I thought I’d witnessed the Northern Lights several times before. After all, I’m half-Norwegian and have often visited my family in Surnadal. But it was as if nothing had prepared me for two nights’ astonishing activity on my trip in January to the Lofoten Islands on the northern edge of the country.
A group of us were travelling on a bus between Borg and Svolvaer a little before 10pm. Suddenly the sky erupted in a great swirl of dancing colours – dominant pinks and greens. All around us it seemed as if some form of enormous electrical energy had been unleashed. We piled out of the bus and watched, bedazzled.
The sky was alive with movement. One moment a spiral of lights would break through above our heads and the next a different range of colours would flash across from an opposing direction. The shapes of the lights changed constantly; spirals, waves, twists, rolls, chasing across the sky or folding into one another, in some kind of technicolour embrace.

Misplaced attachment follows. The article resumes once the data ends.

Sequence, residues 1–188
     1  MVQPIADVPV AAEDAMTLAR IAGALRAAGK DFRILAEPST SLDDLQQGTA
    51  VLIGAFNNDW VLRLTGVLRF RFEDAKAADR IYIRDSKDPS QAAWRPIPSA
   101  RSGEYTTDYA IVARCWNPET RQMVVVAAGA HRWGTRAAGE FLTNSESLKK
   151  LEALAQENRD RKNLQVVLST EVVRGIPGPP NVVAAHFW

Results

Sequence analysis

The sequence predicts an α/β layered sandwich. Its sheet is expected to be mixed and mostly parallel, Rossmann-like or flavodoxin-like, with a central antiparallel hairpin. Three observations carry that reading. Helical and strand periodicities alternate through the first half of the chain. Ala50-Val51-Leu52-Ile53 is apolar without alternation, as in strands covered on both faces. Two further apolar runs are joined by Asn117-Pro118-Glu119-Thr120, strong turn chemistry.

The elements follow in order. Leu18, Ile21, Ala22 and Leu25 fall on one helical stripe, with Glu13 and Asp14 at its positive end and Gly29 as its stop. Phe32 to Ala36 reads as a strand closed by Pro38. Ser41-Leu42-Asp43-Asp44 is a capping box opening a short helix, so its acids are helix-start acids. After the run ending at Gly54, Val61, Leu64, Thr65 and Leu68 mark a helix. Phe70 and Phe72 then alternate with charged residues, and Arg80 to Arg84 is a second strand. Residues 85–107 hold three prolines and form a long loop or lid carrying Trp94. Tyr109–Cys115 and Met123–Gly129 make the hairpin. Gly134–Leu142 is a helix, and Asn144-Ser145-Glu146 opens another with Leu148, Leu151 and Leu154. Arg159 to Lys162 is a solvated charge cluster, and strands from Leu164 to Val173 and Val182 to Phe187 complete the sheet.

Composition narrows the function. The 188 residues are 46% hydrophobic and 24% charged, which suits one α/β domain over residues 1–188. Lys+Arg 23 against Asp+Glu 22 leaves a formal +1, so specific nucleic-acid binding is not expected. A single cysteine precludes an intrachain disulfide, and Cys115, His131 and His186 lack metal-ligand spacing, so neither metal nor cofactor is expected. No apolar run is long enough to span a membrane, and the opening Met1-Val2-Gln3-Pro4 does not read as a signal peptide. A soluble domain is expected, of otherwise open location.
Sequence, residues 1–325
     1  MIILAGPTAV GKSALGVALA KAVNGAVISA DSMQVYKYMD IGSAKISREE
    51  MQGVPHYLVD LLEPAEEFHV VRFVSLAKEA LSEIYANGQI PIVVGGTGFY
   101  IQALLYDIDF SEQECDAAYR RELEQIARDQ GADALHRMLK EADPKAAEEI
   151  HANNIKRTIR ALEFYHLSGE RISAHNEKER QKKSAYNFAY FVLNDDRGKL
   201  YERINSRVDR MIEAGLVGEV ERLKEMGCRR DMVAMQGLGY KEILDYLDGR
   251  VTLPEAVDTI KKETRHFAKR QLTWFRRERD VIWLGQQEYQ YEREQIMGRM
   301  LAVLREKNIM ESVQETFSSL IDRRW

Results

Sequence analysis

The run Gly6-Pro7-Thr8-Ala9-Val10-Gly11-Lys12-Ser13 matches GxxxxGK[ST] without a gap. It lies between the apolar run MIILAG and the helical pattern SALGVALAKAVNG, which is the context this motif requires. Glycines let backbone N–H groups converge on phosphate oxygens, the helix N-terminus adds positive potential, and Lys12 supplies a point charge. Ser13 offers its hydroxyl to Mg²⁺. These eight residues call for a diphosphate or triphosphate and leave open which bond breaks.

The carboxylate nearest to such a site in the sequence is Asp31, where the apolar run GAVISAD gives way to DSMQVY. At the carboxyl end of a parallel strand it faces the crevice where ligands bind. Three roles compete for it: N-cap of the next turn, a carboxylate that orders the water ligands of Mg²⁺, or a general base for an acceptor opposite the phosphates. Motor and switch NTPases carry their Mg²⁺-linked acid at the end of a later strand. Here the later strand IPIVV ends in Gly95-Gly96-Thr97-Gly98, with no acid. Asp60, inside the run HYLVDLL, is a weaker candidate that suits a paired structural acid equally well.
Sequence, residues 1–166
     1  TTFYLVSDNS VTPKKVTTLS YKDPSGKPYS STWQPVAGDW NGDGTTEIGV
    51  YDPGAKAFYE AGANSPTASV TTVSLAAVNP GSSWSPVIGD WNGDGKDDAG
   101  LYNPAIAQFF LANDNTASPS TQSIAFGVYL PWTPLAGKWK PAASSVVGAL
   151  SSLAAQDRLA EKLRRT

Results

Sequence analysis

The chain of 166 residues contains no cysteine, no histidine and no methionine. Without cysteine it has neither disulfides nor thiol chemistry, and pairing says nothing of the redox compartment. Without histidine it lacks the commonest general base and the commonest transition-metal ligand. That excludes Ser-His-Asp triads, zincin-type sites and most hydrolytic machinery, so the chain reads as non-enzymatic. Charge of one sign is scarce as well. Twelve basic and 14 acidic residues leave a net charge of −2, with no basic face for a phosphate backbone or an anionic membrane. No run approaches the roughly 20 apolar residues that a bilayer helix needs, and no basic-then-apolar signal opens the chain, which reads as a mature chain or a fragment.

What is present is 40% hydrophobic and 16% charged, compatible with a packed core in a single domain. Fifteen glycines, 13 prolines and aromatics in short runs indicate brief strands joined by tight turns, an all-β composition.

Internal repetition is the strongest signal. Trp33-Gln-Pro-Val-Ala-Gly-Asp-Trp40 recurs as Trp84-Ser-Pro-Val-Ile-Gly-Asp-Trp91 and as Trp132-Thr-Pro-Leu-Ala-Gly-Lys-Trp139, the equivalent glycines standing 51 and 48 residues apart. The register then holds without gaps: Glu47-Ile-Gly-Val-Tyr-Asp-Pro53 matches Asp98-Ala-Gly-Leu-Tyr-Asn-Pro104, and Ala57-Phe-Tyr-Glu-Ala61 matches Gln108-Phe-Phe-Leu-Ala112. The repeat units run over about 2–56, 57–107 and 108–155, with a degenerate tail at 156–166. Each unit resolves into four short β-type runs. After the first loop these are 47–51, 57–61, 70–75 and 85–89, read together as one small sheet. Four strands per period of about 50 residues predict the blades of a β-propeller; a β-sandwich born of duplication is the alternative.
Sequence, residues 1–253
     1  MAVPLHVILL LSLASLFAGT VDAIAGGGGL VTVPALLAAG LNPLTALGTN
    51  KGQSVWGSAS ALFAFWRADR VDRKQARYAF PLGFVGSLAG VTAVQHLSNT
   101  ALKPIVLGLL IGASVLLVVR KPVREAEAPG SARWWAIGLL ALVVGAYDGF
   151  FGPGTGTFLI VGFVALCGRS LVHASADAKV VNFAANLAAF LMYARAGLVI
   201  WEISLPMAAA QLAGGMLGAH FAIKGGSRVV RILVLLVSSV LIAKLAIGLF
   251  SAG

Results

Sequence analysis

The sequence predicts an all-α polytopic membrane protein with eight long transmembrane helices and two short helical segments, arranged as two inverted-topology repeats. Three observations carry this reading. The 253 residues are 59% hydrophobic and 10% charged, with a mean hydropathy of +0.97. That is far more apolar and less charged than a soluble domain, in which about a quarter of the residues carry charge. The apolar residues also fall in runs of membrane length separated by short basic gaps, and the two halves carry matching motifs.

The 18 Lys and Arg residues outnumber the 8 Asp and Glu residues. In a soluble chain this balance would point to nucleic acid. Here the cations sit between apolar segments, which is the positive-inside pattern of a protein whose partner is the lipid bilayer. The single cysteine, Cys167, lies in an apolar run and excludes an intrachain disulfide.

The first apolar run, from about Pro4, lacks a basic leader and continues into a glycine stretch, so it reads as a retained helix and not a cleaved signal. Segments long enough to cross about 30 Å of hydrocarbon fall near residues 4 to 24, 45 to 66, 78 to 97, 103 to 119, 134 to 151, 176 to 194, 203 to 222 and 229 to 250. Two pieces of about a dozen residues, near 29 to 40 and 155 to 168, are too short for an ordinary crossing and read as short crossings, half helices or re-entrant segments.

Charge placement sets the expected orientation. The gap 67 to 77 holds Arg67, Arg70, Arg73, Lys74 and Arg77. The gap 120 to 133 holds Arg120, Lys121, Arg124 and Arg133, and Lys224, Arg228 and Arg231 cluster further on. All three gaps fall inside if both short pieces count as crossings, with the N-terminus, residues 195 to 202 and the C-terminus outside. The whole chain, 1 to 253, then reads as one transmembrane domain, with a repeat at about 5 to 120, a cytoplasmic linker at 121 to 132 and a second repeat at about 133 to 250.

The display went on for hours, and the next night a similar spectacular unveiled itself – but this time viewed from the comfort of my hotel balcony. Even the locals congratulated me on my good fortune, with two consecutive displays.
I tried to work out why these particular displays had felt so special and different. In part it was the way the backcloth of the high mountains, the sense of remote grandeur and that feeling of being on the jagged edge of the continent all contributed to the drama and intensity of the experience.
I just felt so lucky to have been there. Maybe there can be no guarantees between September and April, but the times of the new moons are apparently significant. I had to wonder why it had taken me so long to journey the few hundred miles from my family’s home to this extraordinary group of islands.